The California Assembly Monday passed a bill that would allow farmers there to produce hemp oil, seed, and fiber for nutritional and industrial purposes. The bill, AB 1147, was sponsored by Assemblymen Mark Leno (D-San Francisco) and Chuck DeVore (R-Irvine), and passed by a margin of 43-28. It has already passed the state Senate and now awaits the signature of Gov. Arnold Schwarzenegger (R).
Both hemp and marijuana are members of the cannabis family, but are different cultivars within that family. Hemp contains only trace levels of THC, the primary psychoactive ingredient in recreational marijuana, but its fibers are used in paper, clothing, car parts, and building materials, and its seeds and oils are used as food products.
"Hundreds of hemp products are made right here in California, but manufacturers are forced to import hemp seed, oil and fiber from other countries," said Leno during debate on the bill. "When this bill becomes law, it will be an economic bonanza for California."
The bill passed on partisan lines, with only one Republican joining Democrats to vote for it. GOP lawmakers resorted to Reefer Madness-style posturing to explain their opposition. "As a conservative Republican, I can't have my name attached to hemp," said Assemblyman Dennis Mountjoy (R-Monrovia). According to Mountjoy, the bill would make the fight against marijuana cultivation more difficult because hemp "sends off the exact same heat signal that is used to spot marijuana crops." Assemblyman John Benoit (R-Palm Desert) sang the same tune, claiming marijuana and pot plants are "indistinguishable."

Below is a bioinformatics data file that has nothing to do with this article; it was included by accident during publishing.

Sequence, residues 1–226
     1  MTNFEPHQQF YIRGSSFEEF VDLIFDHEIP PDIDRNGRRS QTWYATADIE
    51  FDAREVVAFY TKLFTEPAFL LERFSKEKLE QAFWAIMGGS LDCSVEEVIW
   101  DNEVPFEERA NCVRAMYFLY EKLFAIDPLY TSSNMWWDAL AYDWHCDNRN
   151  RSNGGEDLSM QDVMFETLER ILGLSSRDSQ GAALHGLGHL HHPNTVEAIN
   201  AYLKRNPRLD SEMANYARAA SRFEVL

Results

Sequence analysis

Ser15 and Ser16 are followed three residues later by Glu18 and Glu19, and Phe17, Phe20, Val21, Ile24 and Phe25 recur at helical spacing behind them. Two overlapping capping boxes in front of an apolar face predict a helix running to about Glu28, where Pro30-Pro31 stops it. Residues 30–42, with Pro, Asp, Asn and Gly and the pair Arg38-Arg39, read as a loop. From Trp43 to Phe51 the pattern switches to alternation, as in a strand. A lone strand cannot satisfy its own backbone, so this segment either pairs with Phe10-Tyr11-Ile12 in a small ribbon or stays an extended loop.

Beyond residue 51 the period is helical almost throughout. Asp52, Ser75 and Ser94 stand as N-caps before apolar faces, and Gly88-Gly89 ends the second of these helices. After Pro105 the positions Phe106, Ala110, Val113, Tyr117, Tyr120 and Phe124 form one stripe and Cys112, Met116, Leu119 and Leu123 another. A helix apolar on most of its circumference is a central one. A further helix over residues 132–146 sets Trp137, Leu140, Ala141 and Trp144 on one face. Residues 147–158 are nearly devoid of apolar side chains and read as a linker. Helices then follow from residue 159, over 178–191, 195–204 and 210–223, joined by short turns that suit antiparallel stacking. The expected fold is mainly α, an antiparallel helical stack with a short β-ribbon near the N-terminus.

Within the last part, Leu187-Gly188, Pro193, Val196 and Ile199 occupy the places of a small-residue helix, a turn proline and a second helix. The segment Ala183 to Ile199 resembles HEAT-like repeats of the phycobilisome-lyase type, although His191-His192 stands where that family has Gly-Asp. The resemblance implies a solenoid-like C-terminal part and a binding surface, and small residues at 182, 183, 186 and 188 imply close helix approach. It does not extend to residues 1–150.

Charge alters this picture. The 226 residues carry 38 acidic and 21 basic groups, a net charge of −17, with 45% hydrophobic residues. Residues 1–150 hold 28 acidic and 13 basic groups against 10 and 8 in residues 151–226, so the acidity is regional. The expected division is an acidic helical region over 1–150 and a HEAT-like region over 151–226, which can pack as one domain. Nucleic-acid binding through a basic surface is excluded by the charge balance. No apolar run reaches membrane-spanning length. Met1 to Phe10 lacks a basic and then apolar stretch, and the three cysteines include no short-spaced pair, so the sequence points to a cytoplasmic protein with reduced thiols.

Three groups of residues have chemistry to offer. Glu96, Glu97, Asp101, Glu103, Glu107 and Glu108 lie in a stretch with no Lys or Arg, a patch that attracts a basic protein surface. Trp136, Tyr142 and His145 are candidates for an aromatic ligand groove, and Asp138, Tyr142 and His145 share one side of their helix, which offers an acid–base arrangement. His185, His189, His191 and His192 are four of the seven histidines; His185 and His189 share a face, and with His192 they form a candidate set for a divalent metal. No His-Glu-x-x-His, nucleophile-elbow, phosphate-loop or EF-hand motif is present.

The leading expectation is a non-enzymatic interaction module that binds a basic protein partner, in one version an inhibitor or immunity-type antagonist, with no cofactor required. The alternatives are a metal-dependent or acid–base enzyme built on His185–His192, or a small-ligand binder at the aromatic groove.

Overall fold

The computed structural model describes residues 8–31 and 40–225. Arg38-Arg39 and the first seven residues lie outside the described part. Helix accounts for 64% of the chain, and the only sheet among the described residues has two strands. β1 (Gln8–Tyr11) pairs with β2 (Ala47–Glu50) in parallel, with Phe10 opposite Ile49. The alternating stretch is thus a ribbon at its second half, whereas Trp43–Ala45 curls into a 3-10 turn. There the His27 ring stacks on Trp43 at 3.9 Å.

But law enforcement officers in the 30 countries where hemp is grown legally seem to be able to tell the difference, a point that Assemblyman Leno made. The differences between marijuana and hemp are such that "a five-year-old could tell the difference... Law enforcement who have the gift of sight would have no trouble."
"We thank legislators from both parties that listened to the facts about industrial hemp and made an historic decision to bring back the crop," said Eric Steenstra, president of Vote Hemp, an advocacy group that supported the bill. "Passage in the California Legislature is a major accomplishment for the authors and sponsors of the bill, as well as for thousands of environmentally-conscious voters, farmers and businesses who wrote California legislators," says Steenstra.
No word yet on whether Schwarzenegger will sign or veto the bill.